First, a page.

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Hearing may lead to eminent domain for PG&E system
POWER2 12-31-11 copy
Wholesale power has been flowing in these high power lines for more than 60 years from the Tri-Dam Project SSJID operates jointly with Oakdale Irirgation District. - photo by HIME ROMERO/Bulletin file photo

Some 107 years after South County residents embraced the then bold move to form the South San Joaquin Irrigation District, secure what are now senior water rights on the Stanislaus River watershed, and build the first in a series of reservoirs that powered economy growth and prosperity for over a century, the current SSJID board is posed to make another milestone decision.
The SSJID board is meeting Tuesday at 9 a.m. at the Ripon City Hall council chambers, 259 N. Wilma Ave., for a pubic hearing to consider a resolution of necessity.
An affirmative vote will set in motion eminent domain proceedings as allowed under California law for SSJID acquiring all of PG&E’s distribution facilities within the 72,000-acre district for the expressed purpose of reduceing electrical rates by at least 15 percent in Manteca, Ripon, and Escalon and in the surrounding countryside. The hearing comes on the heels of PG&E refusing to negotiate a sales price with SSJID.
SSJID General Manager Peter Rietkerk noted an affirmative vote by the board would set in motion a court case that first determines whether SSJID under California law can acquire the PG&E system of which the state constitution is clear and then the court hammering out a price.
Rietkerk stressed that once a price is reached, the board has made it clear they will follow their repeated commitments as well as the wishes of the San Joaquin County Local Area Formation Commission board to do one final financial analysis to make sure that the 15 percent reduction is do-able along with upgrading the system and retaining all commitments PG&E has in place to assist low-income households, energy savings programs, and franchise fees paid to the three cities.
“It (the vote Tuesday) is definitely a milestone decision,” Rietkerk said.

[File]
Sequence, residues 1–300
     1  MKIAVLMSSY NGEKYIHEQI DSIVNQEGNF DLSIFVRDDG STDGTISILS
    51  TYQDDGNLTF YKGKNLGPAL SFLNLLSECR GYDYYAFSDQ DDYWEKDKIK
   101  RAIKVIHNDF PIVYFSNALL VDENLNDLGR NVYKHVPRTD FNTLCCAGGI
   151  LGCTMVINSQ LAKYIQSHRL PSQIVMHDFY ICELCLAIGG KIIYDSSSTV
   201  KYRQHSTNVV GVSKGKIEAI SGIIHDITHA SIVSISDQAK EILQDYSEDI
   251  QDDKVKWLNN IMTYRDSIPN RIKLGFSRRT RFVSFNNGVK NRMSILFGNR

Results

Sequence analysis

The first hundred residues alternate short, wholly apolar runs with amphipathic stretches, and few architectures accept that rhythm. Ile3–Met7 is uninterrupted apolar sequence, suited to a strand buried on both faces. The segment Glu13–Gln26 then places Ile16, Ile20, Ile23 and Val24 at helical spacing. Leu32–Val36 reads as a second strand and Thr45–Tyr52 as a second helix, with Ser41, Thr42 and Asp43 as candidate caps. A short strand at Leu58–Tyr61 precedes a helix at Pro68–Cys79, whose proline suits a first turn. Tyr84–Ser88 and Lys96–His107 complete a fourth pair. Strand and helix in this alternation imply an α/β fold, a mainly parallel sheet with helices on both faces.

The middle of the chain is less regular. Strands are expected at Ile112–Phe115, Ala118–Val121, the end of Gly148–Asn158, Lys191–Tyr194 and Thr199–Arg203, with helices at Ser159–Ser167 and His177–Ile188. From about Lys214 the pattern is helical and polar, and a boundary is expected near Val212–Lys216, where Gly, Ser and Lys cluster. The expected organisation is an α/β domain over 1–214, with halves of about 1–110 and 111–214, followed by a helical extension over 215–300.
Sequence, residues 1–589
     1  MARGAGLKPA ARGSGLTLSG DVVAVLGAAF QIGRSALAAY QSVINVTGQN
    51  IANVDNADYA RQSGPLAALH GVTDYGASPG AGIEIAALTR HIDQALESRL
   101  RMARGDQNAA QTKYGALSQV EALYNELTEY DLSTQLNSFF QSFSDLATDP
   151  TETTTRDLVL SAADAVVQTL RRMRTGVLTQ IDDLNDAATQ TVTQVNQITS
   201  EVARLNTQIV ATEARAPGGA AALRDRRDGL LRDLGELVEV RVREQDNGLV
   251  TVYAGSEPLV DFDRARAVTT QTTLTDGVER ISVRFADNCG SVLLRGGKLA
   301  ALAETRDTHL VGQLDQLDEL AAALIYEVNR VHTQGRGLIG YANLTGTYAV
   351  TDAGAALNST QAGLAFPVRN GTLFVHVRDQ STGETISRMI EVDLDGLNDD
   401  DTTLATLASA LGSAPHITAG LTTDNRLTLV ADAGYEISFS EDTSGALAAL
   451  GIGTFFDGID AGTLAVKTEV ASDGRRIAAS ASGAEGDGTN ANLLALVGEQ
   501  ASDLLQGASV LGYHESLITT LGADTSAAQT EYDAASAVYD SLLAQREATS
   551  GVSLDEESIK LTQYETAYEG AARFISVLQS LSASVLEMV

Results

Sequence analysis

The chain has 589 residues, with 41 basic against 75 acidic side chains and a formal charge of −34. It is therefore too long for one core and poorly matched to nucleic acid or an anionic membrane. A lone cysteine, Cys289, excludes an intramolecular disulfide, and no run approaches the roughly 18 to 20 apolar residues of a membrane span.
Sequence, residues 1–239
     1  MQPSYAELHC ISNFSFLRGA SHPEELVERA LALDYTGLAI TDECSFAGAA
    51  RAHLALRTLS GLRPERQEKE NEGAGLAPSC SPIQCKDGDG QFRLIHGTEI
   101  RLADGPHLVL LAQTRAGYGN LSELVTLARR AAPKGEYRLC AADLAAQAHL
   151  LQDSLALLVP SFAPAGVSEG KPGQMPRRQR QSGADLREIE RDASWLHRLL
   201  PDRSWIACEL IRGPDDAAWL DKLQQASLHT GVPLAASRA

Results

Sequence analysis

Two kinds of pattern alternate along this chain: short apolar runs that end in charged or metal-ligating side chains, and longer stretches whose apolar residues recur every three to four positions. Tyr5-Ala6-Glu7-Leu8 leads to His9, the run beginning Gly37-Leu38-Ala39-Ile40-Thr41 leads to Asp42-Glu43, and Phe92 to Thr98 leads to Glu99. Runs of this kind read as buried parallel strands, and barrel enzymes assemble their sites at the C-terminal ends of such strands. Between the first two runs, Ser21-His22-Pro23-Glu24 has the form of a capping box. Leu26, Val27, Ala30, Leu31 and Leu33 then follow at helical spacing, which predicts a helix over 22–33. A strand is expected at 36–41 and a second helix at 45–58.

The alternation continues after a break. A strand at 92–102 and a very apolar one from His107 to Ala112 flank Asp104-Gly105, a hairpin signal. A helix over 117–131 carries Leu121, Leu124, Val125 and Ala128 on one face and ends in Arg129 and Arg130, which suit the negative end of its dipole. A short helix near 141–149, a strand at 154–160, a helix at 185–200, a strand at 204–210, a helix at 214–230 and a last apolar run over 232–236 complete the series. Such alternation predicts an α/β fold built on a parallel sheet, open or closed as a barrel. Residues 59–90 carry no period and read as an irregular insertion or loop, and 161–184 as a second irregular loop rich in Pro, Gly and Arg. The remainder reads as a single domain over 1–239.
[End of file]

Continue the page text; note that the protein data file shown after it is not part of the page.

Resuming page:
During the next three years  that it is expected for  the case to wind through the courts — if the endeavor moves forward —and SSJID starts physically gearing up to take over and enhancing the PG&E distribution system, PG&E is seeking rate increases of 16 percent.
A number of existing  public power agencies in the PG&E territory currently sell retail power significantly below PG&E. They are able to do so by not having to make an 11.5 percent profit regardless of economic conditions that the California Public utilities Commission essentially guarantees through its blessings of PG&E rates plus other efficiencies that PG&E lacks.
Some after years of operating independently of PG&E, are charging their customers rates 35 percent below what PG&E charges.
As of Jan. 1 an average customer using 750 kilowatts a month will pay:
$176.50 if they are a PG&E customer.
$132.40 if they are a Modesto Irrigation District customer.
$114.14 if they are a City of Roseville customer.
$110.61 if they are a Los Angeles Water and Power Department customer.
$103.21 if they are a Sacramento Municipal Utility District customer.
If the initiative goes forward it will rank easily as a major milestone in SSJIUD’s 107-year history.
uIn 1909 the SSJID floated a $1.9 million bond to secure adjudicated water rights on the Stanislaus River basin and build Goodwin Dam and the initial canal and delivery system.  That was followed up with Woodward Reservoir in 1916 and Old Melones Reservoir in 1925.
uIn the 1950s SSJID in partnership with Oakdale Irrigation District built the Tri-Dam Project. Three major power generating reservoirs were built within two years — Beardsley, Donnells, and Tulloch.
uA little over 10 years ago the SSJID built a state-of-the-art surface water treatment plant and what was then the largest tracking solar farm in the West to help power the plant.
uFive years ago SSJID put in place a cutting edge pressurized delivery system serving Division 9 south of Manteca and west of Ripon that is saving 10,000 acre feet of water a year and has drawn international acclaim for its numerous green advantages as well as for reducing costs and increasing crop production.